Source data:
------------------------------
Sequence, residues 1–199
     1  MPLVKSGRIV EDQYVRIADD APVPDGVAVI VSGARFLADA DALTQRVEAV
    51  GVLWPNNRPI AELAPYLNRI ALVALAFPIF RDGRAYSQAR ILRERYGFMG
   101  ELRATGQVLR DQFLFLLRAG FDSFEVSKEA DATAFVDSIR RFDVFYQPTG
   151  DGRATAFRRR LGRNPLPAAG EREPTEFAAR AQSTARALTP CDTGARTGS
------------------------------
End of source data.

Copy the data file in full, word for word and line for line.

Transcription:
Sequence, residues 1–199
     1  MPLVKSGRIV EDQYVRIADD APVPDGVAVI VSGARFLADA DALTQRVEAV
    51  GVLWPNNRPI AELAPYLNRI ALVALAFPIF RDGRAYSQAR ILRERYGFMG
   101  ELRATGQVLR DQFLFLLRAG FDSFEVSKEA DATAFVDSIR RFDVFYQPTG
   151  DGRATAFRRR LGRNPLPAAG EREPTEFAAR AQSTARALTP CDTGARTGS